On Dangerous Ground (1952) Nicholas Ray

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Nick Ray’s “On Dangerous Ground” is a film split into two distinct acts. Based on a novel by Gerald Butler, an excellent screenplay by A.I. Bezzerides, a magnificent score by the great Bernard Hermann with top-notch performances by Robert Ryan and Ida Lupino.

Robert Ryan is excellent as Jim Wilson, a neurotic, indifferent detective who has no life other than cleaning up the dirty slime filled streets filled with human vermin. Yet he manages to find salvation and rediscover his humanity in the gentle soul of the beautiful though blind Mary Malden (Lupino), the sister of the young murderer pursued by the law.  Ryan has portrayed many hard-edged, unsentimental characters in his career though this is arguably one of his best. Ida Lupino is truly touching as Mary giving one of her most vulnerable performances of her career.

In the hands of another director, this film could have turned in a sloppy melodrama. With Nick Ray in control, we get a post-modernist edgy film noir contrasting the dark harsh crime filled streets of the city against the clean stark cold wintry beauty of the country. Like many of Ray’s films, there is a sense of loneliness and sadness in the characters. Similar lost characters fill the screen in other Ray works like “Rebel without a Cause” and “The Lusty Men.” With “On Dangerous Ground” Ray again transcends the genre he is working in creating a personal vision fueled by outsiders and non-conformist structuring their own moral code to live by.

Ray’s opens the films with his own idiosyncratic style with an arresting scene of a cop’s wife ritualistically and sensuously fastening her husband’s shoulder holster as he prepares to leave for work.

“On Dangerous Ground” is a melancholy work of dark beauty that should not be missed.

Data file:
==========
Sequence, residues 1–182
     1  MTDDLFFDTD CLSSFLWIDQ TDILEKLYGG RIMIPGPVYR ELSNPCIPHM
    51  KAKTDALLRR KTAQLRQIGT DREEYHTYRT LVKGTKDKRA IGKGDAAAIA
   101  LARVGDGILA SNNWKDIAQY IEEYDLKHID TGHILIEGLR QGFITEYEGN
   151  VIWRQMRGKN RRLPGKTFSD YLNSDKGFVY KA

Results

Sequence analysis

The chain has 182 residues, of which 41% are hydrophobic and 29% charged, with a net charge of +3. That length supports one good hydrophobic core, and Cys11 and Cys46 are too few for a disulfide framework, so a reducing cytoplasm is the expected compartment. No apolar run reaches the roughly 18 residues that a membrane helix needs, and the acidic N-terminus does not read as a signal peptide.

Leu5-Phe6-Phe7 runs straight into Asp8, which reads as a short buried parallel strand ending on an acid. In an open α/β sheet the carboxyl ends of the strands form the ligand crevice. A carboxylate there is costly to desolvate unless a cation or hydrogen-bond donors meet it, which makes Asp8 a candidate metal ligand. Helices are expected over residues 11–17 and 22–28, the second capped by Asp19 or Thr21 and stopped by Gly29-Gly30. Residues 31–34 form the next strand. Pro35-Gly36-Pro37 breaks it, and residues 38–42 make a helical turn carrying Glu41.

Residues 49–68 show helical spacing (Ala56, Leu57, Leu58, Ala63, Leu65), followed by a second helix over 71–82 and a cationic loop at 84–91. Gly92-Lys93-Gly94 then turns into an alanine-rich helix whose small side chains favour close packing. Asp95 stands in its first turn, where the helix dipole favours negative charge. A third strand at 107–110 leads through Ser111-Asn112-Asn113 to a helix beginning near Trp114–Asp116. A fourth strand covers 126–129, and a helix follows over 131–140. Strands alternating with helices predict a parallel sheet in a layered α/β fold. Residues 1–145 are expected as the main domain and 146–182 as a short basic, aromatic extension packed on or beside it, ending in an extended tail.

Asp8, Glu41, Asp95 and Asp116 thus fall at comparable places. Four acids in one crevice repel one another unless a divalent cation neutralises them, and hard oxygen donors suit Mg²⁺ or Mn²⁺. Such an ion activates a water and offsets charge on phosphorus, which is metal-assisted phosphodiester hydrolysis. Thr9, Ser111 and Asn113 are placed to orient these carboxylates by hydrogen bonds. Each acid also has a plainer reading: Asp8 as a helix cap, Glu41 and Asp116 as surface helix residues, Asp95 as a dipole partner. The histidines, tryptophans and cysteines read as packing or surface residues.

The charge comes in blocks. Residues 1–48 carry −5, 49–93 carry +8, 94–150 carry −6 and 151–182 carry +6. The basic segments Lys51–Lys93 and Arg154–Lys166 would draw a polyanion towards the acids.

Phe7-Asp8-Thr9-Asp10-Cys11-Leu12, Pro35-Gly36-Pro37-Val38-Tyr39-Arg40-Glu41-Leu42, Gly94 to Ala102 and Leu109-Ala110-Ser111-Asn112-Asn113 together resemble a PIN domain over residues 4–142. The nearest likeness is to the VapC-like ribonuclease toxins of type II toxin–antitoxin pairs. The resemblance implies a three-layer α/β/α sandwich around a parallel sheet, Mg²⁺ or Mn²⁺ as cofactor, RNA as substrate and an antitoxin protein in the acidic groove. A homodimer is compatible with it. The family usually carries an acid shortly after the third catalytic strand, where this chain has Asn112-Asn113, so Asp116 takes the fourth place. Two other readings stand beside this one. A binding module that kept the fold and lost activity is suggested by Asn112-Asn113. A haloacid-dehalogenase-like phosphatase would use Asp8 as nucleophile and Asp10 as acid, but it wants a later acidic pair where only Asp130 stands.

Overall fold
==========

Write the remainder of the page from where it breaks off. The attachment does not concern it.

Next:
TCM will be showing “On Dangerous Ground” on Tuesday at 3:30AM EST.417902_1010_A

4 comments on “On Dangerous Ground (1952) Nicholas Ray

  1. Dave says:

    I’m torn on this one… as you rightly point out in the review, you can tell very quickly that this is a Nick Ray film. And this is a good thing for me, because I am definitely a Ray fan. Still, though, part me of me has never been able to fully get into this one, as I do think that it sometimes dips a bit too close to sloppy melodrama. I say “at times” because there are some excellent spots throughout the movie. I like it, but don’t quite rank it as top-flight Nick Ray. I guess I’m still comparing everything from him to In a Lonely Place, which very few are going to match up favorably against! 🙂 But, I admit that I’m definitely in the minority on this one because many folks rank it among the finest films that he ever made.

    As usual, excellent work. I have a copy of this one already because I recorded it off of TCM a few months ago when it was on. Thank goodness for TCM and DVD recorders or my collection would be significantly smaller!

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    • John Greco says:

      Dave- the film does come close to the edge of “sloppy melodrama” though for me Ryan’s performance keeps it from falling over. In a Lonely Place is a great film and with Bogart and Grahame it would be hard to beat.

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  2. Sam Juliano says:

    Well, I consider this one of Ray’s greatest films. It’s an astute psychological study of loneliness and despair, and that “magnificent” Bernard Herrmann score you speak of there is my single favorite score in the entire history of the cinema. And music is probably the one component in a film that I have been infatuated with through my life. Herrmann is the greatest film composer, with Steiner, Rosza, Morricone, Korngold, Newman, Waxman, Rota and Newman up next, and this elegiac, bittersweet score includes some of film music’s most ravishing passages, music that reaches the soul with its piercing melodic elegance. As to the film, it’s a compelling noir that certainly rates with IN A LONELY PLACE as Ray’s masterpiece. The Warner DVD is quite excellent. This is one of those film’s that works beneath the surface, methinks. Great appraisal here as always John.

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  3. John Greco says:

    Sam – It is a terrific film and RobertRyan is great in it. Herrmann’s score is a real highlight, as it always is. I think you hit on the head when you say it is a “pyschological study of loneliness and dispair.” Definitely one of Ray’s great works.

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